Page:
Churches: Know your rights
By Mark Lippelmann
California’s governor recently banned church services in many counties, citing health concerns due to COVID-19. But the governor simultaneously encouraged protest gatherings involving hundreds or thousands of people. By failing to apply the rules equally, the governor endangered many protesters, restricted citizens’ free exercise of religion, and overlooked the powerful role that churches can play in healing and unifying our nation. Unfortunately, California is not alone in this hypocrisy. In many places across the country, businesses and secular operations are allowed to reopen while churches are ordered to remain closed or required to follow stricter capacity limits. It is unconstitutional to treat churches worse than similar secular gatherings.
This discriminatory treatment has been occurring since the onset of the virus. Just days before Easter, police officers issued $500 fines to Christians attending a drive-in service at Temple Baptist Church in Greeneville, Mississippi. A city ordinance made drive-in church services illegal, even if the congregants remained in their own cars with the windows shut. Meanwhile, just down the road, people were allowed to enjoy meals at a drive-in restaurant.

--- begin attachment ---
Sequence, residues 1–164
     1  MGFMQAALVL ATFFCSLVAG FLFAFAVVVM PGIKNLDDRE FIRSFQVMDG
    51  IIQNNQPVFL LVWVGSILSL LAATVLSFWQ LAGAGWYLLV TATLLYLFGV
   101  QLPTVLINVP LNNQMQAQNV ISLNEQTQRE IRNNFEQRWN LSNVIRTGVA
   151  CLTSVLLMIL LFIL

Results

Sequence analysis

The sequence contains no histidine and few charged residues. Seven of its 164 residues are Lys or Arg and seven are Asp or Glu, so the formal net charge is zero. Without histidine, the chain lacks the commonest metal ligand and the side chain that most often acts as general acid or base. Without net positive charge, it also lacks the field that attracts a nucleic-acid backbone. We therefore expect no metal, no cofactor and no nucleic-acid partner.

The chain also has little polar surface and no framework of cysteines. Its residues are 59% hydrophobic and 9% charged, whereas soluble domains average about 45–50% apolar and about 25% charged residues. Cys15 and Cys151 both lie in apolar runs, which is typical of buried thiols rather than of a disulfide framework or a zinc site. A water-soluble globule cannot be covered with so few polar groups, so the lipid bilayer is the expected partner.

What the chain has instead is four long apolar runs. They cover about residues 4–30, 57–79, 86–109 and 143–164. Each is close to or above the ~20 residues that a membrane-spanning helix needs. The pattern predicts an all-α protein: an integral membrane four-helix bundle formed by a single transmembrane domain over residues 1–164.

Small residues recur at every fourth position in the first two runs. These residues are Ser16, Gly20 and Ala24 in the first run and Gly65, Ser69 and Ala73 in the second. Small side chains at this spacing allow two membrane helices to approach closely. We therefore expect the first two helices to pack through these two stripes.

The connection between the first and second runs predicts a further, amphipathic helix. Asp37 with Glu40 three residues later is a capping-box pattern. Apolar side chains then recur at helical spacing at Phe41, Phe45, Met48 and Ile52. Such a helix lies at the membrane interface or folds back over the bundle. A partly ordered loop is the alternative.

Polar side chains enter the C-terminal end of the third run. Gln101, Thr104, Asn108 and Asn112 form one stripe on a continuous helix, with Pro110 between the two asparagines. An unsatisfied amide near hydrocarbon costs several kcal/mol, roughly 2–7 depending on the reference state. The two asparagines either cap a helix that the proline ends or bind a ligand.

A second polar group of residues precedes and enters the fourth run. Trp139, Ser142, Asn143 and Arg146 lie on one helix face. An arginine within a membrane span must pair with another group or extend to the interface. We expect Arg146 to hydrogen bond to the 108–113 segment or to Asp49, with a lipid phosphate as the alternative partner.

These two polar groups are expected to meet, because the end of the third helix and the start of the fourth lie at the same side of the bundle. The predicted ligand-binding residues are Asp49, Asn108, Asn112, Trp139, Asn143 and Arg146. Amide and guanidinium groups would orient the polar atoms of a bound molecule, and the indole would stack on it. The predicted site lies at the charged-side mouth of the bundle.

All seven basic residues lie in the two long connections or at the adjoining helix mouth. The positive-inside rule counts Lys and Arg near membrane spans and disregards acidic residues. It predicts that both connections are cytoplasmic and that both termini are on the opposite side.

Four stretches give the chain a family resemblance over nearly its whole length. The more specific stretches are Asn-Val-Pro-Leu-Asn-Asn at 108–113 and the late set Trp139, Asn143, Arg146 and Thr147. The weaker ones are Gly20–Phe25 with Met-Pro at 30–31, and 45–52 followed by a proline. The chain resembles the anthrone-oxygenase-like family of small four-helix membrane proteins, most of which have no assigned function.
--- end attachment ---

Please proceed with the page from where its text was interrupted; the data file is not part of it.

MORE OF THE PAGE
In another display of hypocrisy, Nevada has restricted church services to less than fifty people, including staff. Meanwhile, casinos across the state can reopen at fifty-percent capacity, which is often thousands of people. Gamblers have been permitted to play cards, pass poker chips, and congregate in crowded areas, but churches cannot hold socially distanced services exceeding 50 people, regardless of the churches’ size or the number of health and safety precautions the churches put in place. There is simply no justification for this kind of unfair treatment.
Churches are not asking for special treatment; they just ask to be treated equally. We must recognize the unconstitutionality and hypocrisy of such actions by government officials and remember that religious exercise is essential.
Mark Lippelmann, senior counsel for ADF, is a key member of the Center for Christian Ministries. Since joining ADF in April 2020, he has focused on protecting the freedom of Christian ministries, schools, and churches to exercise their faith freely. Prior experience includes attorney for the U.S. Postal Service in D.C., work as a federal law clerk and an associate in private practice.